For a site with an invalid certificate, most browsers will display a warning message. In the case of sites with an invalid certificate, newer browsers display a warning across the entire window while the older browsers display a dialog box asking whether to continue. Extended validation certificates turn the address bar green in newer browsers. The user will receive a warning while visiting a site that contains a mixture of encrypted and unencrypted content. For some browsers, a “lock” sign may appear.
A website hard coded to work only in https will get an error while working with http. Similarly, an error message is displayed, if the port 80 is disabled by the Admin.
As of June 2016, 10.2% of Alexa top 100,000 websites use HTTPS as default, 43.1% of the internet’s 141,387 most popular websites have a secure implementation of HTTPS and 45% of page loads (measured by Firefox Telemetry) use HTTPS.
According to Mozilla, since January 2017, more than half of the web traffic is encrypted.
Firefox uses HTTPS for Google search as version 4. The add-on called HTTPS Everywhere available for Mozilla Firefox enables HTTPS by default for hundreds of frequently used websites.
According to Pete Meyers from Moz, 50% of page one search results are HTTPS. Experts predict 70% of the page one results will be HTTPS by the end of 2017.
Here is a chart from Moz showing the 50 percent mark, and the estimated trend
While I was researching HTTPS sites, I found that on an average 8 out of 10 of the search results in SERP are HTTPS sites.
HTTPS and other Search Engines
I found a similar trend in the other search engines too (Bing, Yahoo, DuckDuckGo). 8 out of 10 rankings on the first page are HTTPS sites.
Below are the screenshots of the SERP for “HTTPS vs HTTPS” from Bing, Yahoo and DuckDuckGo respectively.
Switching to https
Having concerns, migrating to HTTPS? Here is a simple guide on how to implement HTTPS on your site.
For years, Google has been telling webmasters that it is safe to switch from HTTP to HTTPS. But, in the process, ensure that your organic traffic doesn’t suffer. First and foremost, communicate to Google that you’ve switched over. Google has updated Google Webmaster Tools to better handle HTTPS sites and the reporting on them.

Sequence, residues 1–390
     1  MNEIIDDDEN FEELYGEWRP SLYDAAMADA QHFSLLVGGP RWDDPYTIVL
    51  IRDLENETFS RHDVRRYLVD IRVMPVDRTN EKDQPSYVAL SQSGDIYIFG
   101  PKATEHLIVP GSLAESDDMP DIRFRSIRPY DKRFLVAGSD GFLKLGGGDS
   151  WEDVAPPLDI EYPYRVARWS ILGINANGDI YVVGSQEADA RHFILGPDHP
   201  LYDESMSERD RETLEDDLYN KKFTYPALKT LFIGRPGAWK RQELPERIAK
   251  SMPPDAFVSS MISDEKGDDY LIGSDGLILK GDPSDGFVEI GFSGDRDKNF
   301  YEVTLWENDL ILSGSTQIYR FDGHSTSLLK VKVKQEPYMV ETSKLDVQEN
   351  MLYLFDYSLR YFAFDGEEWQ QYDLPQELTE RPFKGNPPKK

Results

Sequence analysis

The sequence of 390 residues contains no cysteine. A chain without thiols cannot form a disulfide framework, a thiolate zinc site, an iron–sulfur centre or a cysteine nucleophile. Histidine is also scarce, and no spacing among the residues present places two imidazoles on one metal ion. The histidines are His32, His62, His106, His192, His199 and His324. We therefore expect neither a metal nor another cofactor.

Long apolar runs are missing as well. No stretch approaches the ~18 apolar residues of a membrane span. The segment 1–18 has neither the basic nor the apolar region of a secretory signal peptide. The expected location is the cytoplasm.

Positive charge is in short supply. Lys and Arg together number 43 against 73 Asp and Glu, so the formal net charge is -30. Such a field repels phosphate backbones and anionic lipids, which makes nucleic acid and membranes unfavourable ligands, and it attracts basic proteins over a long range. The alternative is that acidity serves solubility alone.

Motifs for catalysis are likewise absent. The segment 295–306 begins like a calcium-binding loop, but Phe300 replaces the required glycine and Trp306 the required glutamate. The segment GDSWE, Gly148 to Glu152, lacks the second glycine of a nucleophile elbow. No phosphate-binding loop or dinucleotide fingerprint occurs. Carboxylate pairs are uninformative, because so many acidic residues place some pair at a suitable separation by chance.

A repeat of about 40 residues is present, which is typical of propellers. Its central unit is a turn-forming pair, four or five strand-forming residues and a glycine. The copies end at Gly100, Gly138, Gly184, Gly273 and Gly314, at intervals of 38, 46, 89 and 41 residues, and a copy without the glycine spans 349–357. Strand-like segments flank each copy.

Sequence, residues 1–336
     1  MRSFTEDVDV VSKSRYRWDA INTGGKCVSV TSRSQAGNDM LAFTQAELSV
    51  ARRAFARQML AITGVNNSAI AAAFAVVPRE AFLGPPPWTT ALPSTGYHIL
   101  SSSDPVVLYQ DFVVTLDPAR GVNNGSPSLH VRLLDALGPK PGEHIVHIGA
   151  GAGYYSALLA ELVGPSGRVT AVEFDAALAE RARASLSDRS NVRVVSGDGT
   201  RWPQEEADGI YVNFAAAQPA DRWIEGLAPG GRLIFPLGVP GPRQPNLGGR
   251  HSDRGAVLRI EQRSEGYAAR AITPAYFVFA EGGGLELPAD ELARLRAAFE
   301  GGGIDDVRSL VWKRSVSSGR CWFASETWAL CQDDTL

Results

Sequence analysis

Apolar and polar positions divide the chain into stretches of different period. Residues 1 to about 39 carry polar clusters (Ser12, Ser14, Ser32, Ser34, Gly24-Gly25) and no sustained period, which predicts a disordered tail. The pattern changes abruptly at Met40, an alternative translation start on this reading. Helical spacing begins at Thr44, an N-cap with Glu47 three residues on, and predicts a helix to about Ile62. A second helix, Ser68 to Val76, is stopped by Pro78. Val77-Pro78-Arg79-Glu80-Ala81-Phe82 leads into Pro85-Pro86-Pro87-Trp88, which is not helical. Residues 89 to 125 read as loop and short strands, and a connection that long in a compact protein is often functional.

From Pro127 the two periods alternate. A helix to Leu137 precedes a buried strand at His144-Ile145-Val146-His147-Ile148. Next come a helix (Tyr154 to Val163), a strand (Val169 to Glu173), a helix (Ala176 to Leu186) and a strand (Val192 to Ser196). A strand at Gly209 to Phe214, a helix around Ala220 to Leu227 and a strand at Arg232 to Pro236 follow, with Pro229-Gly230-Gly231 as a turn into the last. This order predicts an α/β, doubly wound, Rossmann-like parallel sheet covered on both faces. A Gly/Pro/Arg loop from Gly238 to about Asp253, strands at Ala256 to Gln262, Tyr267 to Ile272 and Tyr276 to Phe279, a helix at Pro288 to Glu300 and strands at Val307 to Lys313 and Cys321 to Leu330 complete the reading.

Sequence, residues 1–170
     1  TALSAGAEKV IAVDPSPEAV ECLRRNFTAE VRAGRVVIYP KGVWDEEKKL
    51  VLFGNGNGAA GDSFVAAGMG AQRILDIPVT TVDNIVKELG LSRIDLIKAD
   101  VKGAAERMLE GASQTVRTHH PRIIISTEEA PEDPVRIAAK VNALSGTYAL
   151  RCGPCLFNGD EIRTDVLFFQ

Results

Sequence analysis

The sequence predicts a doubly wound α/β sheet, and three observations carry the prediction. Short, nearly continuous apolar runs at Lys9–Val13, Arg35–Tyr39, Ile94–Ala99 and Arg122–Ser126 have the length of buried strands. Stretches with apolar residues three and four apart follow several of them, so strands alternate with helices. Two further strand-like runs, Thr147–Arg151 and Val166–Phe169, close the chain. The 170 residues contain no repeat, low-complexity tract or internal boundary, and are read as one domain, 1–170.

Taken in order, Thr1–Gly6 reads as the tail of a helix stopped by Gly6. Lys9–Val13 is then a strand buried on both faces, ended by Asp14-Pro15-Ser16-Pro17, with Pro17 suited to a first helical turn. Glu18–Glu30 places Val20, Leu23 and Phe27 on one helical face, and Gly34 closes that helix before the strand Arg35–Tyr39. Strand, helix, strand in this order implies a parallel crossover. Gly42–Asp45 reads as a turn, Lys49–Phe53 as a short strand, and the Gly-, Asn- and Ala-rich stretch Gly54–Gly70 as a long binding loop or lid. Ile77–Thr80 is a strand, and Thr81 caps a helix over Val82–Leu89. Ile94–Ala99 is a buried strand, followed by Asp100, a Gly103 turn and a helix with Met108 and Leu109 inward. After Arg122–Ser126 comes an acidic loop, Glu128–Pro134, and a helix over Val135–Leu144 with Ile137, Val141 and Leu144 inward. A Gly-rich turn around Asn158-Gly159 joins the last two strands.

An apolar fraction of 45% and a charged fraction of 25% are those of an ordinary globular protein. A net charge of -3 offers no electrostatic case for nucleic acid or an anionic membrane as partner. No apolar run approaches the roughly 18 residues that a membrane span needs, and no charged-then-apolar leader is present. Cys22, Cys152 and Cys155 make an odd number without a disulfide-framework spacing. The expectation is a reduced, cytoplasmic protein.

Google has given a few tips on how to switch to https:
- Select the kind of certificate (single, multi-domain, wildcard)
- Use a 2048-bit key certificate
- For resources that reside on the same secure domain, use relative URLs
- For all domains, use protocol relative URLs
- Don’t block your HTTPS site from crawling using robots.txt
- Create a URL map of your site and redirect
- Allow indexing of your pages by search engines and avoid the noindex robots meta tag.
- Carefully track HTTP to HTTPS migration in your analytics software and within the Google Webmaster Tool
Though there are many SEO concerns to consider, when Google itself says to do it, let’s do it.
Though HTTPS come with many benefits, as a website owner, you should be aware of both the benefits and limitations.
- Many advertising networks do not provide SSL compliant ads. Thus placing the ad code on a site with an SSL certificate, the site is not secure which defeats the purpose of the SSL certificate.
- Moving your entire site to HTTPS requires many moving parts and it’s easy to overlook important details.
- Since HTTPS requires extra communication between servers, it may slow down your website (speed is itself a ranking factor).
- Many webmasters pay a large amount per year for SSL certificates.
- Older web applications can have a problem with https URLs.
- Most sites use FeedBurner to burn RSS Feeds which is not supported by Google since they can’t handle feeds served from HTTPS.
- The migration of your social share can be frustrating.
When Google itself is thinking of adding “loads of things” and focussing on easy site migration, it is evident that Google gives ample importance for web security through HTTPS. Though Google wouldn’t share the details, one is reminded of the changes it deployed for few sites which had difficulty in migrating to HTTPS [ e.g. Yelp].
A webmaster can balance the complexity, risks, and costs in implementing HTTPS with the SEO benefits it brings with it, which includes security, better referral data and boost in rankings. With the majority of the web moving towards SSL encryption, experts believe that in a few years time it would become the default and Google might increase the ranking benefit of SSL certificates over time. It’s high time to look into getting SSL on your site! If you’re not sure where to start with, consult our experts at Techwyse Internet Marketing Inc.
With people relying more on the internet these days than just to hang out, as a developer or website owner, we are responsible for ensuring the customers have a safe web experience.
Experts are of the view that in the future it will make a bigger impact and if you expect to get a significant amount of search traffic in the coming years, plan on switching to HTTPS.